Ron Howard’s ‘Rush’ zooms in on racing daredevils’ rivalry
It wasn’t just that Ron Howard didn’t follow Formula One racing.
He was equally unfamiliar with the particulars of NASCAR, Indy car, drag racing, monster trucks — if it had four wheels and wasn’t his car, what was there to worry about?
“I’m not a motor sports fan,” the director said. “But I knew it was sexy and cool and very dangerous.”
Screenwriter Peter Morgan, who collaborated with Howard on “Frost/Nixon,” was equally naive and even a bit uninterested. “I’m really not a Formula One fan,” Morgan said.
But Howard and Morgan knew an unusual human drama when they saw one, regardless of whether it was unfolding at speeds approaching 200 mph. That the larger-than-life rivalry between racers James Hunt and Niki Lauda would be partly dramatized in McLarens and Ferraris screeching around serpentine tracks — well, they would figure out the racing parts when it came time.
Their resulting film, Sept. 20’s “Rush,” is a drama about prominent athletes in the 1970s who had hardly anything in common except an unyielding need to beat the other to the checkered flag.
Hunt (played by Chris Hemsworth) was a dashing British playboy seemingly drafted from a Greek myth, as comfortable seducing women as navigating a hairpin turn. The Austrian Lauda (“Inglourious Basterd’s” Daniel Bruhl), even before he was horribly burned in a 1976 crash, was considered less attractive, his teeth jutting out so prominently like a rodent’s that he was nicknamed “The Rat.”
Once they strapped on their helmets and were belted into their racing machines, however, they were equals — almost.
Hunt, who died in 1993, was a fearless daredevil, his bravado sometimes compensating for tactical shortcomings. Lauda, who today works in aviation and race commentary, brought a mathematician’s exactitude to the sport, and his technical brilliance made him that much faster than his pursuers.
“Rush” tracks the genesis of their competition, focusing on the closely contested 1976 racing season, whose winner wasn’t determined until the final race, the Japanese Grand Prix in Fuji.
Yet the $50-million film, which was independently financed at a fraction of the budget of Howard’s “The Da Vinci Code,” is not obsessed with the minutiae of torque, down force and short shifting. Instead, “Rush” is a tale of two men who are alternately infatuated and repelled by the other, all while willing to take great risks to prove their Y-chromosome superiority.
“James was the only guy that Niki clearly idolized — but not as a racer, even though he feared him as a racer,” said Morgan. “He idolized him as a man, his sexual virility. Niki knew that over the course of 10 races, he would beat James. But it didn’t boil down to that. Niki had him licked as a racer but not as a man.”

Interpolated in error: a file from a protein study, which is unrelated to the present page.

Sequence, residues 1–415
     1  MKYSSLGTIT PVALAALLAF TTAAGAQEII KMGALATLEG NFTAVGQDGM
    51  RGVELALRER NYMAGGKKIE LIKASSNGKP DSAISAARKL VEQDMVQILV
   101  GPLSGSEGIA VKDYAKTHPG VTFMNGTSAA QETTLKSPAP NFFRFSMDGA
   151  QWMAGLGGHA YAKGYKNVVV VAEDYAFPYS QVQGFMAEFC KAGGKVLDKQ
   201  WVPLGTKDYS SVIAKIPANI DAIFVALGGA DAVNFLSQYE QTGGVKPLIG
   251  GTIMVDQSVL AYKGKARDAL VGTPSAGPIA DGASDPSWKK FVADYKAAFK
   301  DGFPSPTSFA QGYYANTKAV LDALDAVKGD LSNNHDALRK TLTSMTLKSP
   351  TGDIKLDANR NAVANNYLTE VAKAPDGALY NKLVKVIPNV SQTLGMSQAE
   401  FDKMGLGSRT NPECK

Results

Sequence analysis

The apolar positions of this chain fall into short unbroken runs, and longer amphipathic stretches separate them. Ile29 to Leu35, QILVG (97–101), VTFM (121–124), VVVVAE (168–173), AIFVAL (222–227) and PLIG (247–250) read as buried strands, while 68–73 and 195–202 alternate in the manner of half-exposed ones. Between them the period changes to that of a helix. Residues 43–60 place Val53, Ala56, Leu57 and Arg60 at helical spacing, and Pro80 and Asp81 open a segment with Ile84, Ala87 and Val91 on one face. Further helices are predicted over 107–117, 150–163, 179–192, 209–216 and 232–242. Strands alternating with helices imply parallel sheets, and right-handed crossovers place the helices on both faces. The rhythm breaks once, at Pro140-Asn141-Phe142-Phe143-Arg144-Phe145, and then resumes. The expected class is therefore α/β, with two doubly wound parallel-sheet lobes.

The movie was born several years ago when Morgan was asked by an American producer to write a Formula One movie. “My heart sank, really, because I’m not really a Formula One fan, and it’s so particular,” said Morgan, who wrote the Oscar-winning “The Queen.” Before he passed on the proposal, Morgan did a bit of research and came across the personal and professional duel between Hunt and Lauda.
“And I said, ‘This is riveting,’ ” Morgan said. “It really connected to me, and I don’t connect to many things.”
The original producer wasn’t interested in the Hunt-Lauda tale, so Morgan wrote the script on his own dime, meeting over many meals with Lauda, with whom he immediately connected and who was content to have Morgan write a warts-and-all account.
“I was brought up by two refugees of Germany and was raised in a world of James Hunts where I was the Niki Lauda,” Morgan said, recalling being called “kraut” by his English schoolmates. “I really wanted to write about those two cultures.”
The script was originally going to be directed by “The Bourne Ultimatum’s” Paul Greengrass, but he left the project just as Howard’s adaptation of Stephen King’s “The Dark Tower” was falling apart. He immediately jumped to “Rush.”
Casting proved far more problematic. Bruhl, who looks much like a younger Lauda, was a natural fit, but Howard and his casting director struggled to find the proper Hunt.
The director had met Hemsworth for a possible role in “The Dark Tower” and had admired his work in “Thor” yet knew the bulked-up Australian couldn’t even squeeze into a Formula One cockpit. But in the middle of shooting “The Avengers,” Hemsworth sent Howard a letter beseeching the director to reconsider and not only vowed to lose weight for the part but also sent along a self-made video of himself as Hunt.
“He had the body language — the surfer feel,” Howard said. “He won the role.”
Thanks to the evolution of filmmaking tricks (with a “Zelig"-like effect, Howard’s action scenes are transposed into period backgrounds) and Anthony Dod Mantle’s (“Slumdog Millionaire”) cinematography, “Rush” takes audiences inside the cars and the racers’ helmets. “I felt I could make the races an extension of the characters, and make them feel vital and visceral,” Howard said.
Howard admits that the film “is a marketing challenge,” a period film about a niche sport with no discernible villain. But he hopes people will see “Rush” as a homage to a lost era — “Where sex was safe and driving was dangerous,” Howard said — and, ultimately, a human story, not a sports film.
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